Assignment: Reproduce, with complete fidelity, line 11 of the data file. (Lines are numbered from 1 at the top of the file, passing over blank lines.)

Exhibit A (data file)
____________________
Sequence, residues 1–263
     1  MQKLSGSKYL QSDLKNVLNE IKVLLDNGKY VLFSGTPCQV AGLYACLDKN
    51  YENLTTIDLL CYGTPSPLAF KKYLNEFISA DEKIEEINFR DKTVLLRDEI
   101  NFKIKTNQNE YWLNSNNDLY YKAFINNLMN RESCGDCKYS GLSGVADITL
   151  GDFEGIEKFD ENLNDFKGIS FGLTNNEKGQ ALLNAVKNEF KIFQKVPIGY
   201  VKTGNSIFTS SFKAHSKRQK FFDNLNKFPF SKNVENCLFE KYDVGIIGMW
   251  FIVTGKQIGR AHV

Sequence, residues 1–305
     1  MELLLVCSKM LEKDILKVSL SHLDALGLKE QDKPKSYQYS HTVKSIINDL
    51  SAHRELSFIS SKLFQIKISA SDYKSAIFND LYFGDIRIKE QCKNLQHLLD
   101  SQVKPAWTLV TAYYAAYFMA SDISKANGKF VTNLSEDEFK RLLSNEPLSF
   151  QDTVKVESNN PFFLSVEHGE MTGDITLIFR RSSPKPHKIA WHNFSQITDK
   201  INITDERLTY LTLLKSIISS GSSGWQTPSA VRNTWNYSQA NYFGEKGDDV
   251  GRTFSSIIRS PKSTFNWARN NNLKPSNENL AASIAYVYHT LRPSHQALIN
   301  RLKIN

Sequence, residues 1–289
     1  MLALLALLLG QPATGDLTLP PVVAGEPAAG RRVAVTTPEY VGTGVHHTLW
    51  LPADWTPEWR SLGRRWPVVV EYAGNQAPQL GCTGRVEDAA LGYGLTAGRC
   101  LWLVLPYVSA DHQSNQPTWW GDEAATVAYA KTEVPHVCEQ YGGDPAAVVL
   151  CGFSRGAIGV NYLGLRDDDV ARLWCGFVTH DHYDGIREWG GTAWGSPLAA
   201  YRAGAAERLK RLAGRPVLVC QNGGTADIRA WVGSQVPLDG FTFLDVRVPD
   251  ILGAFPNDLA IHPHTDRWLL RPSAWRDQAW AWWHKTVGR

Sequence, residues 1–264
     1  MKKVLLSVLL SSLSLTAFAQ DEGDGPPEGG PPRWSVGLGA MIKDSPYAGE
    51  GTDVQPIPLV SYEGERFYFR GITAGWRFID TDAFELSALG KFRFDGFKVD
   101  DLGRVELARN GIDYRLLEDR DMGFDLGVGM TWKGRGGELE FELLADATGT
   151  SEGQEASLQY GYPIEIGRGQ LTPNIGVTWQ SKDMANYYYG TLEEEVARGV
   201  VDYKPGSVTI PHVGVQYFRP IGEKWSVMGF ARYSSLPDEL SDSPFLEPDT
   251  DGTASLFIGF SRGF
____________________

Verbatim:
   101  SQVKPAWTLV TAYYAAYFMA SDISKANGKF VTNLSEDEFK RLLSNEPLSF